But the story is even more odd than that. Goldie Linderman was born to James A and Catherine S Linderman. James himself was the son of one David Linderman and a Mary E Shroyer, who herself was the daughter of a John Shroyer and an Elizabeth Linderman. Interestingly enough, both David Linderman and Mary Shroyer shared a great-grandfather and a great-grandmother, one Johann H Linderman (or John Henry) Linderman, and his wife Ann(a) M Hershey, who both lived and died in Eastern Pennsylvania in Adams and Somerset counties in the latter half of the 18th century. In Johann’s case, his change from a Johann Henreich to John Henry is evidence of our family’s German ancestors changing their names to English equivalents as a way of distancing themselves from the stigma of the Hessians who fought alongside the British in the American Revolution, a tendency that occurred in my own paternal line when the German Albrechts become American Albrights during the same period of time. At any rate, it so happens that James Linderman’s parents were second cousins. Since his wife had the same great-great-grandfather and great-great-grandmother herself in the paternal line, he then turned around and married his second cousin, which is definitely keeping things in the family.
The end result is that the Linderman blood in my family is rather heavily concentrated, since there are three lines of it going back to Johan Heinrich “Henry” Lenderman, John Henry’s father, who was born in 1722 in Donnersbergkreis in the Rhineland area of Germany, and whose line can be traced back several generations more in that area back into the 15th century at present. The John Henry Linderman and his wife Ann(a) Hershey whose descendants were so fond of marrying each other in my family had two children who appear in my family’s ancestry, Jacob Linderman Sr (who appears twice, via his children Elizabeth Linderman and Jacob Linderman Jr), and Johan H Linderman, who was given the names of his father and grandfather and was born six years earlier. I actually know some of my second cousins, so it appears rather remarkable to me that in two consecutive generations there would be marriages between second cousins, as that is pretty close as far as relatives goes, close enough that to meet them at a family gathering would not be at all strange, at least given my own family’s tendency to keep pretty close as far as visiting our cousins is concerned. Doing so once is striking, but doing so in two consecutive generations is certainly even more striking, given that I do not know what sort of enterprises these Lindermans were involved in to want to keep themselves so closely related to their network of kinfolk.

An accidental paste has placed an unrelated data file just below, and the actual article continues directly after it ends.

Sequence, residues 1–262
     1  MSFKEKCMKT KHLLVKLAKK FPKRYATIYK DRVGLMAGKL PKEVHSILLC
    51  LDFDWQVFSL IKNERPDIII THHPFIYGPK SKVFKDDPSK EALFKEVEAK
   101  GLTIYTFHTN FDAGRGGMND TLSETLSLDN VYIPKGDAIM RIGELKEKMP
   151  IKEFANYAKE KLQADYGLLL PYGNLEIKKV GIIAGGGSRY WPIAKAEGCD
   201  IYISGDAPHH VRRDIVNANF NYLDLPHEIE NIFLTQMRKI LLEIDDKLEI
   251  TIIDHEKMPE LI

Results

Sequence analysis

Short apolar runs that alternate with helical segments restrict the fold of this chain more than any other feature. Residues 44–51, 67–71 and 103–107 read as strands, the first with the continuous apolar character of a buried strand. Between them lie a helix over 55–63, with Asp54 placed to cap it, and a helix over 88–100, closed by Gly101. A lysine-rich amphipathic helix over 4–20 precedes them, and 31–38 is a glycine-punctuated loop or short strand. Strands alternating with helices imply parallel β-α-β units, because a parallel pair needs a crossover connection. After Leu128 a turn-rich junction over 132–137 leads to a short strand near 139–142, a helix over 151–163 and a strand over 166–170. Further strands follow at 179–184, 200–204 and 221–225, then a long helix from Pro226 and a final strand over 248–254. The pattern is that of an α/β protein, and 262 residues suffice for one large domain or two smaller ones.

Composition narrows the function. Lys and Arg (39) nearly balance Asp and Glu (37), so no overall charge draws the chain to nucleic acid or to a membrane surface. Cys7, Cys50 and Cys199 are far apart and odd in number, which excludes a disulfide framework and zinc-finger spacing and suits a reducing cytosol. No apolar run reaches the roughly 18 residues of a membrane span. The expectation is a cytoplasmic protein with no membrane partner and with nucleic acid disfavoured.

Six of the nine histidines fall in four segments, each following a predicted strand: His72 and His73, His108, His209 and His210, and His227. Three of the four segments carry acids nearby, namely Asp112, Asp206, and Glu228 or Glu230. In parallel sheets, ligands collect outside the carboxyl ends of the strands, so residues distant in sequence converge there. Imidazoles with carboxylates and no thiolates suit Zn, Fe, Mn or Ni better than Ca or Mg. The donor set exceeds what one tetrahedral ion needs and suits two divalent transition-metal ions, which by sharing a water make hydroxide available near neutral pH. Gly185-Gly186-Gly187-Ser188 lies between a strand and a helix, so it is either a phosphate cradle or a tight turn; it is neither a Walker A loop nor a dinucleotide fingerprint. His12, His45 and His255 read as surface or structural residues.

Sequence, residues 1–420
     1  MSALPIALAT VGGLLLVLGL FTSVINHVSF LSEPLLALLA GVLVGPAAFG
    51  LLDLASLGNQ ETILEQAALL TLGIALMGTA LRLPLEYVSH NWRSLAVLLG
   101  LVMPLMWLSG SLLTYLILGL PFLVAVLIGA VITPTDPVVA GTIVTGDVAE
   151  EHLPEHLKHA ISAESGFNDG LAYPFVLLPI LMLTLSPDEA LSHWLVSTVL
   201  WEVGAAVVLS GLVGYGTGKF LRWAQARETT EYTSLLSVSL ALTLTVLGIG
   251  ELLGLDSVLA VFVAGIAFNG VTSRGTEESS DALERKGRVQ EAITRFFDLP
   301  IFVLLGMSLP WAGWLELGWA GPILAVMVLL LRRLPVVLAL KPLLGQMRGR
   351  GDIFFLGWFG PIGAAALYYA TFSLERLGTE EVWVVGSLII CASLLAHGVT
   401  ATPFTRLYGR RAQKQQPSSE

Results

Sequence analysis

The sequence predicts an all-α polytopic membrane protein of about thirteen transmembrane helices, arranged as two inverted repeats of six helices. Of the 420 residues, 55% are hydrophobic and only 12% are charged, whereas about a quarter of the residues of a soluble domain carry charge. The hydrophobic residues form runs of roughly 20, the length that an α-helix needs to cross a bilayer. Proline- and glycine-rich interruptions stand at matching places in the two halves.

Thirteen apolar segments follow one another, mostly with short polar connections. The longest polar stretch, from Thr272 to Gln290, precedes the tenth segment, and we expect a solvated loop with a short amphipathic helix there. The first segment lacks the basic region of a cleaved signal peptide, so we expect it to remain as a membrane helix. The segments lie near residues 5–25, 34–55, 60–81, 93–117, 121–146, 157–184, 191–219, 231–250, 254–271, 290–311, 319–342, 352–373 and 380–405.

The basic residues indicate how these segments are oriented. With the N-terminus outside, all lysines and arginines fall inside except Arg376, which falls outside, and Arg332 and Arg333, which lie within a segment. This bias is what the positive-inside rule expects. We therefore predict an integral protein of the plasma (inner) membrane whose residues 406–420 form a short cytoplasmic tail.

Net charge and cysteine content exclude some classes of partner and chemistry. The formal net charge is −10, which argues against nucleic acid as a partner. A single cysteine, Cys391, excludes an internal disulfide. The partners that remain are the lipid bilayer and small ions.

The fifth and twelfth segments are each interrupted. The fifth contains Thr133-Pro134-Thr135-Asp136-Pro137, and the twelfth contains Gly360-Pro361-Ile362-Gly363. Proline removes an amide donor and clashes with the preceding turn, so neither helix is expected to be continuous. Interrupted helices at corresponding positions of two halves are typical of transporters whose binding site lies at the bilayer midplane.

It should be noted that this is not the most severe instance of pedigree collapse that I have seen in my own family tree, not by a long shot. In fact, in at least two cases, my family tree would appear to indicate that brothers and sisters had children together, and in one of those cases the daughter of such a union then married someone else with the same last name who was quite possibly a relative, although alternative explanations are certainly possible in both cases, especially considering there were different last names involved in both cases, one of them in a small Rhineland town and the other in Northern France. And there is another case in the 1700’s where two first cousins married, one James Jacobus Peeck and Elizabeth Peeck, who were both the grandchildren of one Jacobus James Peeck and Rachel Demarest. What I’m saying is that this was not some sort of one-off situation where close relatives married, but rather part of a more extended pattern that crops up repeatedly in my own family history, and probably yours as well. We have far closer ties with others, and with ourselves, than we often realize.